• I'm tired of reading about people who are tired of reading about Sarah Palin.
  • All over bloggerville quilters are getting ready for Valentine's day.  Me, not so much.  I've bought a card for my Beloved and at this point I even know where it is (that's because I just bought it day before yesterday rather than because I am so super-organized that I have the mythical place for everything, etc.)  And I bought cards for the two grandchildren who are old enough to appreciate getting a piece of mail.  On the 14th, it so happens, we'll be going out to dinner together, but that is more because we happen to have Chamber tickets for that evening rather than a need to join multitudes in meals that have been inflated in price for one night only.  I don't make, have, or put up seasonal decorations for Valentine's day.  A person can only do so much.
  • I picked up the Indigo and Caramel Baskets from Mary Ellen last night and she did a lovely job quilting it.  The binding is already made (yay for me!) and I happen to know where it is, too.  So this weekend I plan to get it attached and have my first finish for Nancy's UFO Challenge completed on time.  Expect a photo when the weather is fit for same.
  • I'd seen pictures, promos, and reviews of this new book on the blogs a couple of weeks ago, and although I seldom feel as though I need to buy another quilt book, something told me this would be an exception.  Turns out I was right.  I've looked it over and over and over and believe I'll eventually try at least two of her projects:  Irish Chain and Pinwheel.  
  • I won a $50 gift certificate to the Fat Quarter Shop at Kim's recent drawing (yay for me again!) and have mentally spent it at least fifty different ways.  This shop already had me as a customer; they are just a splendid place to shop with pleasant people, generous kits, and just an all around lovely feel.  Kim's pretty lovely herself, if you really want to know.
  • Been thinking about the bag I made a week or two ago and about the fabric left over from the Jungle Song quilt and how that fabric would make a nice bag.  Or two.  But there isn't enough of any one piece for the dimensions of that bag.  I like the proportions of the bag and would like to retain them.  I wasn't exactly sure how to do that but some wee glimmer from 9th grade algebra showed up in my random access memory, the piece where you make the two fractions and cross multiply and "solve for X" and by jove I believe I've got it.  Going to try a smaller, well-proportioned tote bag right soon.  Imagine, fifty-two years later, getting the answer to "Well, when am I ever going to need to do this?"
  • Rather proudly mentioned this feat to my Head of School, who in a previous life was a middle school math teacher (talk about sainthood) and presently is teaching one section of algebra 2 (which I sometimes have to monitor for him when he has a schedule conflict -- do not be alarmed -- he provides detailed worksheets for them to do and I just have to sit and maintain order.  Which in a Quaker school isn't the challenge it is elsewhere.  But back to the point:) and was animatedly telling him, "You know:  Where you solve for X!" and he looked back at me and with a straight face, said, "But in algebra it is always about solving for X."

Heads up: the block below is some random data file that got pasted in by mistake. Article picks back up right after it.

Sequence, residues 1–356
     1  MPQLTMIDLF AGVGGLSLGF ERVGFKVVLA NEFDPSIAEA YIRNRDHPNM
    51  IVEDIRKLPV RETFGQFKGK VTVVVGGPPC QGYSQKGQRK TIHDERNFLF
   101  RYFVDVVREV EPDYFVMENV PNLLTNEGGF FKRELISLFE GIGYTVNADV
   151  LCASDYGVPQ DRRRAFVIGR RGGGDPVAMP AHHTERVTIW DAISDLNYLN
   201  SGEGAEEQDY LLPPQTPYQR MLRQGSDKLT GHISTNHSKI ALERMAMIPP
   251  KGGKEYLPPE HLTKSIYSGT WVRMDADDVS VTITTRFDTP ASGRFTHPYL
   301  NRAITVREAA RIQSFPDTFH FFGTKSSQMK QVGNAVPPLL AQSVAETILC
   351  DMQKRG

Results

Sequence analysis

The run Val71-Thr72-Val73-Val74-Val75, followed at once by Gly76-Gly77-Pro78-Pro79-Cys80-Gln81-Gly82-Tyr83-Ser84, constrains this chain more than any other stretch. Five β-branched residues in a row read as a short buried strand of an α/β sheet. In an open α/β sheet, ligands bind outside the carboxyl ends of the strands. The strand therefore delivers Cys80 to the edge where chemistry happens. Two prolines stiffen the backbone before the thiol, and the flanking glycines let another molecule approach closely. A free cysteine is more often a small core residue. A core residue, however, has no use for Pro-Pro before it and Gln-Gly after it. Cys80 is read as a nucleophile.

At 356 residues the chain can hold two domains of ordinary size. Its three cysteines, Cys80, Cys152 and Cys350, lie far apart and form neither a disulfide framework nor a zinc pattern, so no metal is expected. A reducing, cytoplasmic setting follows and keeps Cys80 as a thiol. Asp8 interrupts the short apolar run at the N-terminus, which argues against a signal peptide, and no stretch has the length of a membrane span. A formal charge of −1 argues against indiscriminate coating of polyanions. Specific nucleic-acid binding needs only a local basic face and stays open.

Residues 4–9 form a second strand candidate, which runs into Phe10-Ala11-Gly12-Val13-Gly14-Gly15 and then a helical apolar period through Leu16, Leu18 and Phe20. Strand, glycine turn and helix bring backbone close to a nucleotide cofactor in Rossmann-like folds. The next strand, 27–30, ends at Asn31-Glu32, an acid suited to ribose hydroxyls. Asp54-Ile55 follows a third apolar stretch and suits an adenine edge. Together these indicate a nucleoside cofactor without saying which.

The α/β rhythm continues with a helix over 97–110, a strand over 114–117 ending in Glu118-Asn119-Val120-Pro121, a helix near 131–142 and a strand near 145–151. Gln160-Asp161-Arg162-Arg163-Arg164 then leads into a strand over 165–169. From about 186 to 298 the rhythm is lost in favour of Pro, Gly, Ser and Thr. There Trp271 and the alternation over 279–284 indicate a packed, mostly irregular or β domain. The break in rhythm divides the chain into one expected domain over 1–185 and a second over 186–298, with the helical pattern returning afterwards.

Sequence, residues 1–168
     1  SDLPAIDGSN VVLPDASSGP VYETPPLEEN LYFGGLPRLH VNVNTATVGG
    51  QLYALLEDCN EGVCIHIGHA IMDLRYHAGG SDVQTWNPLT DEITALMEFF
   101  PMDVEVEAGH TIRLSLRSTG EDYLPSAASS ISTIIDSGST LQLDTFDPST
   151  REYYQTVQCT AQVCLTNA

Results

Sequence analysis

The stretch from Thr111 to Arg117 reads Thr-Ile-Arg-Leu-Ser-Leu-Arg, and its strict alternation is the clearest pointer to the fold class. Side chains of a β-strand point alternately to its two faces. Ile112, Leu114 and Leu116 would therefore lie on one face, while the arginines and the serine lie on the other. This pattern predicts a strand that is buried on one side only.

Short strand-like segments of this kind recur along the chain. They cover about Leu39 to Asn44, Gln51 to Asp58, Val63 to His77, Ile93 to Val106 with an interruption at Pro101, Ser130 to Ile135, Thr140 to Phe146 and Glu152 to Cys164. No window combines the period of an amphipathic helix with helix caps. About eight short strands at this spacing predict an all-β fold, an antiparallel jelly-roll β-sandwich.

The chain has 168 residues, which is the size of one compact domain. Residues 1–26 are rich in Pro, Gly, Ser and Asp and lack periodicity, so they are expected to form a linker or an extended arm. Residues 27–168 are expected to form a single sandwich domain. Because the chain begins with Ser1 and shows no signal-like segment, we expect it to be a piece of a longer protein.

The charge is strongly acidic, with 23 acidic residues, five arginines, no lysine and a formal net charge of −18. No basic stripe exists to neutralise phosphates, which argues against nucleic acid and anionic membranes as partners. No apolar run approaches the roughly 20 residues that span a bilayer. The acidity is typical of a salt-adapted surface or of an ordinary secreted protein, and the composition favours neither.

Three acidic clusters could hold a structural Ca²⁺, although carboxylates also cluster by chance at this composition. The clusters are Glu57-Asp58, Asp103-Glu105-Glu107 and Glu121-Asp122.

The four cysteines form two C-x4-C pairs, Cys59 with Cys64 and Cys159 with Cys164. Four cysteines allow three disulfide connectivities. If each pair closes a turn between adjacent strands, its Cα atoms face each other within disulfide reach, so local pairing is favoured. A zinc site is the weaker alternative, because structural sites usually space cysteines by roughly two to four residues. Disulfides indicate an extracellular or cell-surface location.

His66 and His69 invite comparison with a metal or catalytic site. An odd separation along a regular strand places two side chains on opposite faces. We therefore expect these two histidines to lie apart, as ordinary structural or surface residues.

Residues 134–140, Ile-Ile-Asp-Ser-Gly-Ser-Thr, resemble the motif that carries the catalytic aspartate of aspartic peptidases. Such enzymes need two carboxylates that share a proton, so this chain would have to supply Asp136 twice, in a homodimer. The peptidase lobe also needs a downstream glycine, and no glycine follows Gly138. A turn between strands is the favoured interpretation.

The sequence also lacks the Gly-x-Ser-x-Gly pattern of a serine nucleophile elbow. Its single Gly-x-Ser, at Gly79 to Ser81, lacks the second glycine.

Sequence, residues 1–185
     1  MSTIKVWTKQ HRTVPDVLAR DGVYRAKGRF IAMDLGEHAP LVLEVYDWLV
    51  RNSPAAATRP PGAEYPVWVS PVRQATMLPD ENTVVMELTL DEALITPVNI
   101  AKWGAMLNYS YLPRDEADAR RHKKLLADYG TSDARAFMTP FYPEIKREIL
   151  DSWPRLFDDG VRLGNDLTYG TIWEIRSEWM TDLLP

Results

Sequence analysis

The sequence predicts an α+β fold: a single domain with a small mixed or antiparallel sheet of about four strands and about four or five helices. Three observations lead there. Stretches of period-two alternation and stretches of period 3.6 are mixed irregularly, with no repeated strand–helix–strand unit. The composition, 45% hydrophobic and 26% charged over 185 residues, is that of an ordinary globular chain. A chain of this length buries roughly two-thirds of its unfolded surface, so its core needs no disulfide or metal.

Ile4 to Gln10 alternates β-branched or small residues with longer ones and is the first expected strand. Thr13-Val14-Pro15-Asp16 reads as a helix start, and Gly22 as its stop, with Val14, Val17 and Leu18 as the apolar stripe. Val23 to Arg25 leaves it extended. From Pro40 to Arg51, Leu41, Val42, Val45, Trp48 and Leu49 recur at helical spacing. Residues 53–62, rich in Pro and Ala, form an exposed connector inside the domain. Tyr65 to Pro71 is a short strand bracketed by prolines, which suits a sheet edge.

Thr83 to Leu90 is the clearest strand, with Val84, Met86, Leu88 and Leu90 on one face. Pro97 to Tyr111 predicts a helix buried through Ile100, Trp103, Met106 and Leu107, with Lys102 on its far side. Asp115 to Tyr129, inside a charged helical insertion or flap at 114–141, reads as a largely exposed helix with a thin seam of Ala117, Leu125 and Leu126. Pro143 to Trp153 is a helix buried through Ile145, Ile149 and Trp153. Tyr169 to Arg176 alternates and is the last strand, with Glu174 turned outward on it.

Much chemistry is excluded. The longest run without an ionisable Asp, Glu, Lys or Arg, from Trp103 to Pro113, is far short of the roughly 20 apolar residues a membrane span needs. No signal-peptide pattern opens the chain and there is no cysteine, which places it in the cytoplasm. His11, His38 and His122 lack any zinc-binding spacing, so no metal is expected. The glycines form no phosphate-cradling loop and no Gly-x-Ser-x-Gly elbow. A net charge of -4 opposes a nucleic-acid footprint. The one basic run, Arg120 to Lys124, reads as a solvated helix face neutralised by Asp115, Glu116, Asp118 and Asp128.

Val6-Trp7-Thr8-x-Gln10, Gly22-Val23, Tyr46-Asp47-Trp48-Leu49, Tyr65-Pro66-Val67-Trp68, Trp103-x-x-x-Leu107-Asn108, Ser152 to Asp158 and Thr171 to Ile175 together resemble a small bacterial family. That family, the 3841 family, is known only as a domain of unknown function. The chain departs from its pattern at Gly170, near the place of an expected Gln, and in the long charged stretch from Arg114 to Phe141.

Monday, January 17, 2011

Gratitude

To everyone who wrote about the loss of dear Susie, thank you so much.  I do not have it in me to send individual responses.

I just discovered I have 386 messages in my in-box, probably an all-time record.  Once again, I am going to claim "comment amnesty" and not reply.  Know, please, that each comment is read and, where possible, each commenter's profile and blog are perused.

I love being a member of the blogommunity.

Susie

I met Susie a long, long time ago.  Back when I was in the ninth grade and she was in the eighth.  Our school had a new librarian that year, and Susie, Bob, and I were "library groupies."  We'd hang out in the junior high library after school, helping to shelve books, prepare overdue notices, and generally get in the way.

Then I graduated and moved on to the enormous senior high school, and when Susie caught up the next year, I hardly noticed.  Life went on.  Then, twenty years later, after having moved around quite a bit, Joe and I returned to my home town and joined the Lutheran church.  And who should I run into buy my old library groupie buddy!  We picked up right where we'd left off, so long ago.

Sue had not had an easy life.  During high school, she'd become pregnant and -- as was the custom back then -- was not allowed to see or hold her baby; he was whisked away from her and placed with a family who wanted a baby.  Susie was a strong and healthy person; she pretty much had to be as strands of alcoholism wove their way through her family.  After a failed first marriage, she met and married the love of her life, and after her dad's death, fulfilled her dream of opening a gift shop, "The Red Cardinal."

After one of her sons died suddenly, about fifteen years ago, she found an internet site where children who had been given up for adoption and women who had given up their children had the potential to connect.  Miraculously, a year or two later she received a telephone call from that little boy she had never known.

Susie was out in Arizona this fall, taking care of that son after he'd been in a serious motor vehicle accident, when she experienced what she thought was a gallbladder attack.  Off to the ER she went, only to find that it was not gallbladder but rather advanced lung cancer which had spread to her bones.  This was on Thanksgiving Day.  The next week she returned to Philadelphia and entered a wonderful care facility, Cancer Treatment Center of America, where she stayed until the disease claimed her last evening.

A funny, creative, patient, loyal, expressive woman of faith, Sue will be missed by so many.


Sunday, January 16, 2011

Baskets of Cheer for Holly